(iii) School districts should be required to make their financial reports, major contracts and supporting documents easily accessible online through the individual district’s website.

We have included in this report a series of proposals to address these issues.

I always favor more transparency, and there’s nothing in these recommendations that strike me as being unreasonable. The whole report is about 30 pages, so read it and see for yourself.

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  1. Ross says:

    I would like to see more detail on the check register reports the districts publish. Now, you have to submit a request to get explanations for suspicious looking items, most of which turn out to be checks written on behalf of student organizations. For instance, HISD has written several checks to the Four Seasons downtown. This gets the conservative rabble stirred up until it’s pointed out, after an information request, that the checks were written for high school proms.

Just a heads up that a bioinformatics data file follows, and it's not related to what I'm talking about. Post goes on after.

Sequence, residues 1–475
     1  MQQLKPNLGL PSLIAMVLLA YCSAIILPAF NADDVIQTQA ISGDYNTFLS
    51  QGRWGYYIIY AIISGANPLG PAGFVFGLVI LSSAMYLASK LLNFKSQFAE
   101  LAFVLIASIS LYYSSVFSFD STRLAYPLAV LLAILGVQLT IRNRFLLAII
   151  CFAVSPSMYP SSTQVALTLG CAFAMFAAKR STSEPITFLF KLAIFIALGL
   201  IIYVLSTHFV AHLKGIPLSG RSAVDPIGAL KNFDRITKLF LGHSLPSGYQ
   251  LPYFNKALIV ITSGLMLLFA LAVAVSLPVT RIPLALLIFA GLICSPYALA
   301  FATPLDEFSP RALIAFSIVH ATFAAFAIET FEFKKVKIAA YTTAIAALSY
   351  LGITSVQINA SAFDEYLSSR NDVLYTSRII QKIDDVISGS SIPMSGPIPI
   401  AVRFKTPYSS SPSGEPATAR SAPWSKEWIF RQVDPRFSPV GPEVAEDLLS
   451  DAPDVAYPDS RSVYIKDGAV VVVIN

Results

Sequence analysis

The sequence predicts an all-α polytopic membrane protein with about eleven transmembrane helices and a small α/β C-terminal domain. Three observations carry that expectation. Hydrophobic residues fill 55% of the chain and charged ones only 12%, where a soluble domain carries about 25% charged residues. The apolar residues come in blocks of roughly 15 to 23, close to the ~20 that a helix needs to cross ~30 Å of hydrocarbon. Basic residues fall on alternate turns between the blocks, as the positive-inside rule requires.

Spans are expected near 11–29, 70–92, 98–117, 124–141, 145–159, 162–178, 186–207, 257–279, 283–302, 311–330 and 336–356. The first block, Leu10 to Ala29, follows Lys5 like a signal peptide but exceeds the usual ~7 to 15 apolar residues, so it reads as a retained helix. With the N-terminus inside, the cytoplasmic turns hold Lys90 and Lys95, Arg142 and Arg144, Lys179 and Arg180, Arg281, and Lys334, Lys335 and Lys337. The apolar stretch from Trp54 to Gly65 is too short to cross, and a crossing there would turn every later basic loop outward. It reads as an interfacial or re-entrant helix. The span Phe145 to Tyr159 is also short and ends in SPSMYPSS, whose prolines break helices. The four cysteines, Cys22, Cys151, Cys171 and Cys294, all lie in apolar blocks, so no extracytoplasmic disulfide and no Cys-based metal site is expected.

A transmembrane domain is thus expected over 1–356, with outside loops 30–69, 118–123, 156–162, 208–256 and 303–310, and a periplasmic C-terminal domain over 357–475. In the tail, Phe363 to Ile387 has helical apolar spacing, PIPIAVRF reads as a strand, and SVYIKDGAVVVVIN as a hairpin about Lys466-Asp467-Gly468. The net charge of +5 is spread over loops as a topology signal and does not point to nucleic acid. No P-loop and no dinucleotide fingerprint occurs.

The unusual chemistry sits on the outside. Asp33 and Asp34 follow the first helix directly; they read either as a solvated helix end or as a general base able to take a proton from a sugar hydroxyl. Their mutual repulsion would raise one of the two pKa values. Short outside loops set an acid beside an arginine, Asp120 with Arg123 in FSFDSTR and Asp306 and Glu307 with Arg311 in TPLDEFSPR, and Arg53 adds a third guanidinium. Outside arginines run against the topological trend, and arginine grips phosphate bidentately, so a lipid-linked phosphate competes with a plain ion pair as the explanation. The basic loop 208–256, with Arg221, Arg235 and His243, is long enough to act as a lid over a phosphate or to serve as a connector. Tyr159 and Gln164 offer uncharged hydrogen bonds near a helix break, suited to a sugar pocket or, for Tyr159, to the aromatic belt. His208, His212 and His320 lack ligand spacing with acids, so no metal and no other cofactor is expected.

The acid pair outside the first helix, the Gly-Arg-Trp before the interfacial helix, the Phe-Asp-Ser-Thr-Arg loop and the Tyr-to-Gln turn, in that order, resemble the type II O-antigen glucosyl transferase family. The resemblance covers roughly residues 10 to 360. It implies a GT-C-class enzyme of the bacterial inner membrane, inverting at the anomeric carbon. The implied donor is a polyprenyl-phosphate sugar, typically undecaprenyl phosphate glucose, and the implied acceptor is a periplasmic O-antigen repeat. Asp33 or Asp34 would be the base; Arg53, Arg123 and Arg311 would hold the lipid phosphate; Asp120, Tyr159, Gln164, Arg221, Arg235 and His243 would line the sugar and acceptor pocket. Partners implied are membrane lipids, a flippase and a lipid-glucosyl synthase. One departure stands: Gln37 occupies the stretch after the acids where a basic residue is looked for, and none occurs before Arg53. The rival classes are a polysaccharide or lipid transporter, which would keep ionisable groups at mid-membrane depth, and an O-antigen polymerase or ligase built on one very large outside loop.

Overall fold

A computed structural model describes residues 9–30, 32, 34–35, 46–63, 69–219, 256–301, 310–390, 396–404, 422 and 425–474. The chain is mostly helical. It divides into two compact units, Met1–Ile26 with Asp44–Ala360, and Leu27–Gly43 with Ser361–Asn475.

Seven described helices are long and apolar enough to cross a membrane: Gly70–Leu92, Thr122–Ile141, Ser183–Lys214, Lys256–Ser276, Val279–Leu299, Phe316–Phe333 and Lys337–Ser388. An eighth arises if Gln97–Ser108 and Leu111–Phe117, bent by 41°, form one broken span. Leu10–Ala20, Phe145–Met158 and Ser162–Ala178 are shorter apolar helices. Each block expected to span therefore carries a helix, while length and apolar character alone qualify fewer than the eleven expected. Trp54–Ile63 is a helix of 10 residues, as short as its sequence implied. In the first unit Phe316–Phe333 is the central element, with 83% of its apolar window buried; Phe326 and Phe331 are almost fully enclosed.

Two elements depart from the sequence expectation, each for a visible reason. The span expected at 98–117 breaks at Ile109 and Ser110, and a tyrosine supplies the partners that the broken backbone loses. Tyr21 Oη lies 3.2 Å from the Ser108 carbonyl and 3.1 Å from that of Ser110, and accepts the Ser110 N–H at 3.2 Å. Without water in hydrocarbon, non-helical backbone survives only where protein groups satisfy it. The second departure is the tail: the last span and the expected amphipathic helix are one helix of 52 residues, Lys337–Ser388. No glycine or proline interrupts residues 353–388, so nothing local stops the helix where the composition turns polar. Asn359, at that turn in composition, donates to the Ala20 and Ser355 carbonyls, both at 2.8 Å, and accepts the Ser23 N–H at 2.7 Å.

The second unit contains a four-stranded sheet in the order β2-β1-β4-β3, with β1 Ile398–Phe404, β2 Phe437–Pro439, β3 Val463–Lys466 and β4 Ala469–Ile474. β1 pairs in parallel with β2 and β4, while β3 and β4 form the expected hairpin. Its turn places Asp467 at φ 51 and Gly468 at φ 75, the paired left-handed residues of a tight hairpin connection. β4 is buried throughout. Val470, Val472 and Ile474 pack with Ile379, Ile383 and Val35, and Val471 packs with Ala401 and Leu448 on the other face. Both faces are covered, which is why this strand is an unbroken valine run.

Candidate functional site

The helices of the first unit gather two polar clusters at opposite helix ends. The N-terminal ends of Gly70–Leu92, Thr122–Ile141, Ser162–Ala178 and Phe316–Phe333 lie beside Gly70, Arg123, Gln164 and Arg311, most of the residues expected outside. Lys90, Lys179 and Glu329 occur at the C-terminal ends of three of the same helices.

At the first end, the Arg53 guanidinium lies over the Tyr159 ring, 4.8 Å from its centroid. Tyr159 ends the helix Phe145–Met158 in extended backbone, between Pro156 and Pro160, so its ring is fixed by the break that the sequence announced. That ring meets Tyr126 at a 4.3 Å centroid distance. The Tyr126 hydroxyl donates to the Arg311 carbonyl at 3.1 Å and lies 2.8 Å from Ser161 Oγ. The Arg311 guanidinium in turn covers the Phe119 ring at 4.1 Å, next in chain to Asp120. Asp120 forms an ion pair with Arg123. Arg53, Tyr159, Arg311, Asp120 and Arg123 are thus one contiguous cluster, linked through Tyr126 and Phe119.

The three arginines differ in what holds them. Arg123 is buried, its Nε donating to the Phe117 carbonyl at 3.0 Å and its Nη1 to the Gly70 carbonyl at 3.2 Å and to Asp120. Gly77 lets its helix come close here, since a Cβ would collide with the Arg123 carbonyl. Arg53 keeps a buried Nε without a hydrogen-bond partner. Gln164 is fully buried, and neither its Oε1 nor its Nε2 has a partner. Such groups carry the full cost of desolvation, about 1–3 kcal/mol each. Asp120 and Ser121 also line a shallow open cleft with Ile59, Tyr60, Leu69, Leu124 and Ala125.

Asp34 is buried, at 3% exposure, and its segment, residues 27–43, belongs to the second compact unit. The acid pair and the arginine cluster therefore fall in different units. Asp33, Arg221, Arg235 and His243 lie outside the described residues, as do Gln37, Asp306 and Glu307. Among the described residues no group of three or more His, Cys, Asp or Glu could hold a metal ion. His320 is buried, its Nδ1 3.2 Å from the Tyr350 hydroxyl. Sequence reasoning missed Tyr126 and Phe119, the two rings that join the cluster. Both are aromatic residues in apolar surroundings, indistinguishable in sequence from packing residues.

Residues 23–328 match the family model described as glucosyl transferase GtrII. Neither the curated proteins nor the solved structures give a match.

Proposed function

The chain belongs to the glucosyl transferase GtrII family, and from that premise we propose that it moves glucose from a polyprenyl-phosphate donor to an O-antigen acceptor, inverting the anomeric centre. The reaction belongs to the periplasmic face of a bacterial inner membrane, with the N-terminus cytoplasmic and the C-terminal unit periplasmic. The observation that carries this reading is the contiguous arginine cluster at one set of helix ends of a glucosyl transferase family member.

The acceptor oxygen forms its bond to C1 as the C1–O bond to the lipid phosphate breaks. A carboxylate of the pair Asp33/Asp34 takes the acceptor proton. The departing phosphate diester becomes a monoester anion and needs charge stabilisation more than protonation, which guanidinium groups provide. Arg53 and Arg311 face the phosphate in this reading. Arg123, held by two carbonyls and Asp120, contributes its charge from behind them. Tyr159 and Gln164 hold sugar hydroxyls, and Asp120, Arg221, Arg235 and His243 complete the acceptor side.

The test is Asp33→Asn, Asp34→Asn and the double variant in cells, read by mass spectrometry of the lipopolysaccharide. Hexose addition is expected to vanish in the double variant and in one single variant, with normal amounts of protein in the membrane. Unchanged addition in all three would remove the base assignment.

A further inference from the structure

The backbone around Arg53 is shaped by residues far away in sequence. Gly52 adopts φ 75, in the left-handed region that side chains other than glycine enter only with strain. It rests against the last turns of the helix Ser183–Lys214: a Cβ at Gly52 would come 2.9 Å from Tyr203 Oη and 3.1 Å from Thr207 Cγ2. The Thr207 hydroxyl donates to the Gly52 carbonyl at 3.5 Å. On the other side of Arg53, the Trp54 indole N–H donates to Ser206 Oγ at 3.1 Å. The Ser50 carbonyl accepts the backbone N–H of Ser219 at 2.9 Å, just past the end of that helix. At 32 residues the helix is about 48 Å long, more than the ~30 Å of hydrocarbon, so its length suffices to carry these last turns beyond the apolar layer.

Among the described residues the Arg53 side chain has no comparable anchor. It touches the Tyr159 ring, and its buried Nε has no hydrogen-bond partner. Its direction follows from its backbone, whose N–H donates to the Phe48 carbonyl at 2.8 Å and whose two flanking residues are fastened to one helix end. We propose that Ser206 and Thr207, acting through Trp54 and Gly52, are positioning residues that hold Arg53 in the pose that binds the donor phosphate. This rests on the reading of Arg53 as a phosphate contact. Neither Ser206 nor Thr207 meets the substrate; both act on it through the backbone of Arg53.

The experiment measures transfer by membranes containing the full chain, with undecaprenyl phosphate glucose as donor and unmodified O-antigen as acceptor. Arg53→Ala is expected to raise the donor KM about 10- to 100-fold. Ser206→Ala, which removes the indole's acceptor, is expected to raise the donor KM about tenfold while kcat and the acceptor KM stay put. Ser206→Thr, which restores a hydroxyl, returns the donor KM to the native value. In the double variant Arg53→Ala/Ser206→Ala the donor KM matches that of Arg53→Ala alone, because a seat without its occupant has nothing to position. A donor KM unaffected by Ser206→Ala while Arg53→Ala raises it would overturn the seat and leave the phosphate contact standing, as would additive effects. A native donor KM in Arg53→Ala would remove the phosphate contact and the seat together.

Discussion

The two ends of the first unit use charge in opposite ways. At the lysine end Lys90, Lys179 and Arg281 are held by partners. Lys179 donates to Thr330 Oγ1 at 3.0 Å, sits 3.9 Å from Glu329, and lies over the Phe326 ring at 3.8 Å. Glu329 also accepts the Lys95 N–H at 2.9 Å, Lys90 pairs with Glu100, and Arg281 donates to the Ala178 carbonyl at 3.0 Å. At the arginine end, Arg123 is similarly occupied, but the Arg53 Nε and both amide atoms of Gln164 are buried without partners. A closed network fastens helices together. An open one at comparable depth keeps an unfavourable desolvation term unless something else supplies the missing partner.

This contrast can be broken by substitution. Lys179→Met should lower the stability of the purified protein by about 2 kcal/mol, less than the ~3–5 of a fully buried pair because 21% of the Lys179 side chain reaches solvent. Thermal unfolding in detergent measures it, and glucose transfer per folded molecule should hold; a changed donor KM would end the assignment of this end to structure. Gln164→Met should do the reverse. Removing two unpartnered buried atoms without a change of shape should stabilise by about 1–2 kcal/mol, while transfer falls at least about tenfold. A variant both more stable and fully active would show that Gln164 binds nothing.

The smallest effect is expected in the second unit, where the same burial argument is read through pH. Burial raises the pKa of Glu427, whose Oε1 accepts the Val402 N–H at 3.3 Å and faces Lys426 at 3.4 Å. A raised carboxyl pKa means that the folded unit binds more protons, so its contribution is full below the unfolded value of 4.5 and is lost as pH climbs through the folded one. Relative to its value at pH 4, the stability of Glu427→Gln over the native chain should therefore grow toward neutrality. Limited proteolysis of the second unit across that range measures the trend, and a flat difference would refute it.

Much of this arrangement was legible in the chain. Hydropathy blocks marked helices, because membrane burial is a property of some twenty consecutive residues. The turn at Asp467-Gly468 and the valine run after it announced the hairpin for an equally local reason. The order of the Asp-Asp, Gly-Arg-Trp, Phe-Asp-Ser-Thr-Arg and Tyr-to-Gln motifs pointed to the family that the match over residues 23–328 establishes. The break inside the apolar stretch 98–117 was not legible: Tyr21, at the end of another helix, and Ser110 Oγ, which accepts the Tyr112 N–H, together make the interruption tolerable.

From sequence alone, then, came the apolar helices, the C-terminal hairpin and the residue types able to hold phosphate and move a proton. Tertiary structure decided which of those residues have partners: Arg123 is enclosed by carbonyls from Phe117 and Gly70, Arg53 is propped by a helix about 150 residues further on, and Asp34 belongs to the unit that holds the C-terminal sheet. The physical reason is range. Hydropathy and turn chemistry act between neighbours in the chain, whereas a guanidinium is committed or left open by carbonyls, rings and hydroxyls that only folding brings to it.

Overall, I think most districts do a reasonable job of spending our tax money, but more transparency is always a good thing. Districts are less likely to waste money on useless items like vehicles for employees who don’t need them when the public has easy access to analytical data.

  2. Texas Parents says:

    We are sick and tired of the State of Texas wasting millions of dollars on standardized testing. Our children’s educations are not for sale! Our tax money should be spent on teacher’s salaries and classroom resources. No more money for the Pearson Testing Corporation.